In the killing fields of Chhattisgarh’s Rajnandgaon district -- considered a happy hunting ground for Maoist rebels -- ‘red’ is not the dominant colour. Instead, it is a bright yellow that proudly announces the less-talked-about revolution quietly taking place in the state: a public distribution
system (PDS) that works, a rare example of a government scheme that delivers.
This is Red country, the government official had warned us. “You could go there. Just take some precautions,” Rajiv Jaiswal, a food department bureaucrat said while giving directions over the phone.
Rajnandgaon is one among Chhattisgarh’s several districts witnessing left-wing extremism, the official name for India’s bloody Maoist insurgency. For the record, just five days ago, the district’s highest-ranking police official had been killed.
But the real upheaval in Rajnandgaon -- some 50 miles southwest of Raipur – has not been brought about by gun-toting Maoists.
On the densely wooded road leading to Mohala, an outlying village hemmed in by forests, the first signs of Chhattisgarh’s public-services revolution appeared in the form of speeding food trucks bound for fair-price shops.
Lorries with grains, iodine-fortified salt and lentils are painted bright yellow so that they could be easily spotted by villagers if they were to be unloaded elsewhere.
In contrast to images of Sudan’s scrawny children with distended bellies, hunger in India is less visible to the naked eye because it is often defined by sweeping malnourishment and calorie deficiency.
Simply put, too little food, lacking in essential nutrients, has resulted in the world’s largest proportion of stunted children with poor brains.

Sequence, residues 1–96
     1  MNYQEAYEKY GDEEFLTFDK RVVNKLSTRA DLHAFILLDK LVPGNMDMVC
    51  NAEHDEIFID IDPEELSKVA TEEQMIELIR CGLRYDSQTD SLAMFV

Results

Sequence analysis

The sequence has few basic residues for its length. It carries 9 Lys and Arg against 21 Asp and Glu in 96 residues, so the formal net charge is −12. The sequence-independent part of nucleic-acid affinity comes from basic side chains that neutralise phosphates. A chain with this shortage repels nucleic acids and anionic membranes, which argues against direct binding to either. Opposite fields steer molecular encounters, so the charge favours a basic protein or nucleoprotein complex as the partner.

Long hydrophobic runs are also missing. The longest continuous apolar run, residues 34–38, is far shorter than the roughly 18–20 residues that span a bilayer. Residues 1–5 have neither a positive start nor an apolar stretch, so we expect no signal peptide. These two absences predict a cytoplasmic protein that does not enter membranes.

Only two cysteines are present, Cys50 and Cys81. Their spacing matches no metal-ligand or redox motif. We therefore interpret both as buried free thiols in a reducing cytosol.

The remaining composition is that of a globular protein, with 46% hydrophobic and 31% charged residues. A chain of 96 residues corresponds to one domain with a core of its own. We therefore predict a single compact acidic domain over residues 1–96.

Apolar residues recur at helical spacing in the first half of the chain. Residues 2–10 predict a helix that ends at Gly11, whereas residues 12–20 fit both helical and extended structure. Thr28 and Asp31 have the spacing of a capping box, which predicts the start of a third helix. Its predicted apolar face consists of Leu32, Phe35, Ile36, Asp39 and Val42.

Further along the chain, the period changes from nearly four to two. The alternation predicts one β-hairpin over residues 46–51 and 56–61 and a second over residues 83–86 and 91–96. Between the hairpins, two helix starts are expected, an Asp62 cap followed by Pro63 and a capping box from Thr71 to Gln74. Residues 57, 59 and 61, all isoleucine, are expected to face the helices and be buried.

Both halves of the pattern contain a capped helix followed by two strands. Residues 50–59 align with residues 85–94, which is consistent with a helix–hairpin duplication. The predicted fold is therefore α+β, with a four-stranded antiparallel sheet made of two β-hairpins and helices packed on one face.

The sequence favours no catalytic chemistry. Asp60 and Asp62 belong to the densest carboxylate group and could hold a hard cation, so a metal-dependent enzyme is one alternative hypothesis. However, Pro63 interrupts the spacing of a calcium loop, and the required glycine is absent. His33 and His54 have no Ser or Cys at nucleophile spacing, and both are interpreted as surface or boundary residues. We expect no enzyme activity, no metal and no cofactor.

Worse, their poor health actually begins even before they are born: in the wombs of their half-fed mothers.
Prime Minister Manmohan Singh has called it a national shame.
Those who oppose the food security law as a fiscal drain reserve much of their wrath for India’s public distribution system (PDS). They accuse it of being a dead duck, a system prone to pilferage and corruption.
Transportation is just one bit of the long PDS chain. At the consumer end, a network of 500,000 “fair-priced shops” or food outlets is known to shortchange their customers.
GRAPHIC: How the Public Distribution System works
A 2005 survey by the Planning Commission, India’s national think-tank, found 36% of budgetary subsidies on food siphoned off the supply chain. Stocks often move only on paper, not on trucks, and grains would go to feed ghost consumers. Many argue for phasing out the PDS.
Replacing subsidies in kind, such as cooking gas, with cash is an ambitious new scheme that could eventually cover food rations. But that’s a long shot - nearly 40% of all Indian adults still don’t have a bank account, a 2012 report by the Reserve Bank, says.
Yet, the experience from a new grouping of states shows this is no time to write off the PDS yet.
The BIG fix
If large stocks were impossible to track, then scores of export shipments would have gone vanishing while being loaded or unloaded at seaports. Shop-floor assistants in large stores would be ripping off stocks everyday. There would have been no Wal-Marts.